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  • Writer's pictureDiana Wright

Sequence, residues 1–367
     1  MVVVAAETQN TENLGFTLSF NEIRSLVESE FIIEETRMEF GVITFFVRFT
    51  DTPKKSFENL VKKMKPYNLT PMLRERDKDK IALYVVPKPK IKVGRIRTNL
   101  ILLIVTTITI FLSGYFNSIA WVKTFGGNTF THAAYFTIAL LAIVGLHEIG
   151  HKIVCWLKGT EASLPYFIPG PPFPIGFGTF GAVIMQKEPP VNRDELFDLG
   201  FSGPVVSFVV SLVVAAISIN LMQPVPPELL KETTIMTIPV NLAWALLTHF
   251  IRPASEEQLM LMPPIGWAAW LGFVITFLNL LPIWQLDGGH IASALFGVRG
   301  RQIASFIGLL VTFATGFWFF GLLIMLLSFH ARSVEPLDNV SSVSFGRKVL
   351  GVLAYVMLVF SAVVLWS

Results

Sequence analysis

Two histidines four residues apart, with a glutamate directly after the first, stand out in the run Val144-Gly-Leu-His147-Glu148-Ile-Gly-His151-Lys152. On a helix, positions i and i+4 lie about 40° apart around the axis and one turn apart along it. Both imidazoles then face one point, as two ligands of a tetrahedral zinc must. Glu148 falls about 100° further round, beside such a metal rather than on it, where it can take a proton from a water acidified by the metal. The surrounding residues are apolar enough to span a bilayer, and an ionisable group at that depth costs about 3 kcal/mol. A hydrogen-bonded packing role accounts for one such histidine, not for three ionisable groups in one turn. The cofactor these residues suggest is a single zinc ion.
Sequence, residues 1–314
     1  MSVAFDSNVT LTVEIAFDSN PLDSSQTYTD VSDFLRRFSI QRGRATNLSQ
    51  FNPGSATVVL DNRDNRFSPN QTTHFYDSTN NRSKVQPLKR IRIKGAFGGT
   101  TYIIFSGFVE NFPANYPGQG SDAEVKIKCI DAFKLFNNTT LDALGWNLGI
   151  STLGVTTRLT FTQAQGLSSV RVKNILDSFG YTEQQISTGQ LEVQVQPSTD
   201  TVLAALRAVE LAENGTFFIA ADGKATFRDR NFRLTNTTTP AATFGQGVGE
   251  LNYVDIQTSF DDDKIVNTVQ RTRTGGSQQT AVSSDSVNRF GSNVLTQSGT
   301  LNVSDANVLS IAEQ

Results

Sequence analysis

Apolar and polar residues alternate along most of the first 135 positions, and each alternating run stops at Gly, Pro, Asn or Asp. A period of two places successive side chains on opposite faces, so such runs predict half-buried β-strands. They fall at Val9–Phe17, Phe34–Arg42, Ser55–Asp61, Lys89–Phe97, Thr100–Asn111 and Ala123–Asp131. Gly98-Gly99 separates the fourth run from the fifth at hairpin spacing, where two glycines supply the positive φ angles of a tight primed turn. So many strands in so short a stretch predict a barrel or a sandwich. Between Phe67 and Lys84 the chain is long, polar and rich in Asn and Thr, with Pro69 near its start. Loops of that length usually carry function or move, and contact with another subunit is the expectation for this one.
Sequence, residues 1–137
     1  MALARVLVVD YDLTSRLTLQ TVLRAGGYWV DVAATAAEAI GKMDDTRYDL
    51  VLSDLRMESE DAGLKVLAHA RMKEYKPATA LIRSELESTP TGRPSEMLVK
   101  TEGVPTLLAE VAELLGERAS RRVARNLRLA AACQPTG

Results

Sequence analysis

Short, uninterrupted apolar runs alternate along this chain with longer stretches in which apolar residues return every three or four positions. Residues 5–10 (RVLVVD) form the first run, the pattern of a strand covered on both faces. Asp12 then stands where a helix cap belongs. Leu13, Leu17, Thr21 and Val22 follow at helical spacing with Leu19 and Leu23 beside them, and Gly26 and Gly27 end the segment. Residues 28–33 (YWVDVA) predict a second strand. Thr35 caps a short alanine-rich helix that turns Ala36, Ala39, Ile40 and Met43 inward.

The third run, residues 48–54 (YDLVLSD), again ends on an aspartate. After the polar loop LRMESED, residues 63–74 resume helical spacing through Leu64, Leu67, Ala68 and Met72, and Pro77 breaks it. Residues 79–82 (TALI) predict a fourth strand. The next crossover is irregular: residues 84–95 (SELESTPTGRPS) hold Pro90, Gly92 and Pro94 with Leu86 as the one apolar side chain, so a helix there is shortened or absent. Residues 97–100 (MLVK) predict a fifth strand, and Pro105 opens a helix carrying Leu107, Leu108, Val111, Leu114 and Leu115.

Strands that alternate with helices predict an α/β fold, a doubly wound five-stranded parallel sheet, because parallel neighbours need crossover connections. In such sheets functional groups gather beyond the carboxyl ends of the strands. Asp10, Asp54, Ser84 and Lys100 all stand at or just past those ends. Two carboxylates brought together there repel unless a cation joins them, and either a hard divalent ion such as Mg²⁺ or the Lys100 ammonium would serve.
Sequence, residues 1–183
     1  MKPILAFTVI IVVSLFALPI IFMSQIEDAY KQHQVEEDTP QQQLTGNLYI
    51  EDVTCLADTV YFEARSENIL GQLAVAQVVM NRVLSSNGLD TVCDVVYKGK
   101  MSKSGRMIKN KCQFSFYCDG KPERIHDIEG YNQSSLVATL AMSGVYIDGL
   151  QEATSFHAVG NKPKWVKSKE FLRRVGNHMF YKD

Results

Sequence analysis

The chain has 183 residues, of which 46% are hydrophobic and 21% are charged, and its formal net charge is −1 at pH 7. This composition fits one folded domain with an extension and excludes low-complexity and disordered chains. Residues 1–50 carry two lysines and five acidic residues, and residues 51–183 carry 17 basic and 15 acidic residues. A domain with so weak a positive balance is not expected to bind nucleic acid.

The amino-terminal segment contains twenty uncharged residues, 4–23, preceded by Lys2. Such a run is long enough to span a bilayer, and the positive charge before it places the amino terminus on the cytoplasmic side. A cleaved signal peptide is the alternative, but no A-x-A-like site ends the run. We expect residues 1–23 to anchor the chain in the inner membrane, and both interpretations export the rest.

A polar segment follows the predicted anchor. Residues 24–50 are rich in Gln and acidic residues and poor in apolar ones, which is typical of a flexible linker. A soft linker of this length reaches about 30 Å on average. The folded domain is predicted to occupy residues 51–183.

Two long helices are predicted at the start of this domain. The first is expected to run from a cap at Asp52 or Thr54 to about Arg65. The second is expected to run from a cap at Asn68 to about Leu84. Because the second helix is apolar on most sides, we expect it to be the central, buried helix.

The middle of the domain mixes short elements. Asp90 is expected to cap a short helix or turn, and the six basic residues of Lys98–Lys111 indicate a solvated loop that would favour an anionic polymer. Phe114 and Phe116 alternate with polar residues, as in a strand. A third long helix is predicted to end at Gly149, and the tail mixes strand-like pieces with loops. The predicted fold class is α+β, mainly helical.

11C Pentecost 31 July 2016 Proper 13 You can’t take it with you!! In heaven there ain’t no beer, that’s why we drink it here!! Eat, drink, and be merry. This week I went to visit my daughter and her boyfriend in their new apartment in Minnesota. I could barely move in the room where she had her things. Part of the problem was a woeful lack of organization, but the major issue was the amount of stuff. It got me to thinking: when I was her age I really did not have a lot of things and it was easy to move from point A to point B. I was free. Now I have the same problem she has: too much stuff. In my case some of it is held out of sentiment; it is very hard to part with things that remind me of my childhood or my parents and some of it is growing up with parents who used and reused everything they could. However, there comes a time when things own you and you can be controlled by them. I have to spend more time cleaning and clearing than I would if I had fewer things to clean and clear. A smaller yard would mean less mowing, right? If there was less in the basement I could find things better. So it goes on and on. A pastor recently told me that, because he and his family move every so many years, they keep it down to the bare essentials. Pack it in a U-Haul. He is so right. Hoarders take things to the ultimate level of possessing. They are fully possessed by their possessions, sometimes to the point of possessions becoming a hazard to life and limb. Maybe hoarding is a form of mental illness. I think for me it is a failure to take seriously what is being said by Jesus. Greed: it is more than a craving; it is elevating the accumulation of goods to the status of a god. I believe that is something that we often do in this society. We mistake wanton accumulation for prudent planning. Certainly that is what our landowner in Luke did!! By doing so he is ignoring what is written in Hebrew scripture: all things come from God, it is to God that we give thanks for what we have; and it is with others that we share the things God gives to us. We are not the recipients of God’s bounty because we are any better than anyone else, we are the receivers because God wants to provide for and so we may in turn share it with others. The author of Luke states it so well: the wealthy landowner was not blamed because he had such a rich harvest, he was blamed for failing to be rich towards God. Rich towards God!! That is a statement that has puzzled me since I first heard it. How can I be rich towards God, God who has everything? What does it mean for me and you? I would suggest it means not taking for granted anything that comes to me and that the more I use what is given me for good for others, the more I am rich towards God. I challenge myself to become richer towards God and more thankful. One thing that I am doing this year is each month putting money in my account at Kiva, a micro lending site, and then giving out loans around the world. It feels really good to me to do this. When I get repayment I add some more and do it all over again. When I die I hope that I have dispersed a good chunk of money to a cause like this. We can be rich towards God when we put up the giving tree at Harlan, help make a space for Hispanic ministry and ministry to the Karen at Denison, and help fund theological education and discretionary funds at Carroll. We are rich towards God when we collect winter clothing to send to St. Paul’s in Sioux City. Each time you think of someone else and how you can help make their lives a bit better, you are rich towards God. Whoever authored Ecclesiastes had it well thought out: you can toil and work and accumulate all kinds of things and certainly you can eat, drink and be merry, but you will die and who knows what the next person will do with the stuff you leave behind. Waste it?? My idea of waste may be someone else’s idea of appropriate use. I wonder when the very rich die what they think about the stuff they are leaving behind. I guess they mostly wonder about the money. Did they read Ecclesiastes? Do they think life is vanity, or perhaps better translated, a fleeting breath or wind? Do they think they are more valuable because they are rich? Every time we face an election I think of words similar to our text for today, or the words of the Psalm. No matter what you are wearing, torn and faded shirt and jeans or a finally tailored suit, you will die. All of us face the same creator and the same end. The question is how do we want to face it? We need to acknowledge our past mistakes with the things entrusted to us and also acknowledge the links our own lives make to global poverty. I would like to say to my daughter: dispense with most of your things and you will find the lifting of a burden and the ability to be free. However, until I get my own house in order it is not my place to say that to others. It is, I think, fair to say to all our politicians who are claiming to represent the Christian faith, “Are you ready to give away your personal wealth, as the Gospel demands, and serve the needs of all people, or are you going to build bigger barns for you and your friends to store your harvest?” If someone does follow the Gospel, I am heading to the polls to vote for that person. In the mean time I need to get my own house in order, we need to get our parish houses in order, and then we need to work on the community, the nation, and the world. Nothing else serves to make us rich towards God. Amen.

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